After the O2 sensor, the most important aspect of the exhaust system is present, namely the Catalytic Converter. The function of the catalytic converter is to get rid of all the toxin exhaust gases from the engine, for example, NOx and CO. It converts these gases into CO2 or Nitrogen components which are less harmful to the environment. Another O2 sensor after the catalytic converter helps in determining the efficiency of the catalytic converter.
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Next to the O2 sensor is the resonator. A resonator is designed to prevent the engine from getting too loud in a particular RPM range. For example, on the highway, if the car keeps making loud engine sounds, it will be irritating to bear that sound for hours of driving. To avoid this, the resonator is designed to specifically tackle particular engine RPMs (for example, “Cruising RPM Range”) by making the sound waves collide with one another inside the resonator and cancelling the effects of each other.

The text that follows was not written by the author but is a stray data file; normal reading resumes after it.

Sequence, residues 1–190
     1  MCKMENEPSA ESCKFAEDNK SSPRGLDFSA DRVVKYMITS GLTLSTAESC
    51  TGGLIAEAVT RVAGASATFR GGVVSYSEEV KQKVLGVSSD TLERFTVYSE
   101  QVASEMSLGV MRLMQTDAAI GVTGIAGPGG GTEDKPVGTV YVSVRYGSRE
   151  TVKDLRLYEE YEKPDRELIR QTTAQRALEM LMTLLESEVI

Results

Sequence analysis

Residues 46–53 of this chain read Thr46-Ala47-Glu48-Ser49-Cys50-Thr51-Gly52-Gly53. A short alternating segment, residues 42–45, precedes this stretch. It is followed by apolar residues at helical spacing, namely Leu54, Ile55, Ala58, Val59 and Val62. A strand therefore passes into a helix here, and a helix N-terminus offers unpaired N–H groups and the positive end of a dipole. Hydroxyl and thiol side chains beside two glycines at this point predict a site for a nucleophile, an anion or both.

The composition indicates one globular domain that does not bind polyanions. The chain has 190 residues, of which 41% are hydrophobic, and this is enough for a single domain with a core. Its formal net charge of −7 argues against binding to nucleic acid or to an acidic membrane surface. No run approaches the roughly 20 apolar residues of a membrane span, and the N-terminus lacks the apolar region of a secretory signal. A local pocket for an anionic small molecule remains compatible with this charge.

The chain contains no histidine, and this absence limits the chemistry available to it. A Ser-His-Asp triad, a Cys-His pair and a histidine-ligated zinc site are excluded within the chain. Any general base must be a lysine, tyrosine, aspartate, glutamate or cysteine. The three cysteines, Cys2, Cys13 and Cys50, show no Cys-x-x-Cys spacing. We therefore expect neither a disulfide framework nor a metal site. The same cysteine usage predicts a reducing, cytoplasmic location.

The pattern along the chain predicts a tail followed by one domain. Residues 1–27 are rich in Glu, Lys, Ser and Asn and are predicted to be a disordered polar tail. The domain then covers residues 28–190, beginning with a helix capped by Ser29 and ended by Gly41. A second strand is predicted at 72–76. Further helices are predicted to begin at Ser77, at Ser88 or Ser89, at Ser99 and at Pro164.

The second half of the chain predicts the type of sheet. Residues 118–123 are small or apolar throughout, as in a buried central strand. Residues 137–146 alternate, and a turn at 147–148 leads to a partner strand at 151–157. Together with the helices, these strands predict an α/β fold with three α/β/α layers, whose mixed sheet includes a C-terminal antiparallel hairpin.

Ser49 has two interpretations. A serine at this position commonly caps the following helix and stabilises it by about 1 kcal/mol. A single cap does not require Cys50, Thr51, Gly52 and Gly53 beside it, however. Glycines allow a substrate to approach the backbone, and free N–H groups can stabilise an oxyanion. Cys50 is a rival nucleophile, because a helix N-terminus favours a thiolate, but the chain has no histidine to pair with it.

Lastly, there is a muffler attached to the end of the pipes of the exhaust systems. This muffler is helpful in reducing the noise levels across the entire operation of the engine. This means, that throughout the entire engine RPM range, the levels of noise are controlled by the muffler.
These are all the major components of the exhaust system. Now, let us move on to the clever technologies introduced to make maximum use of exhaust gas energy. The most famous of them all, after turbocharging technology, is exhaust gas scavenging. Let us look at it in detail.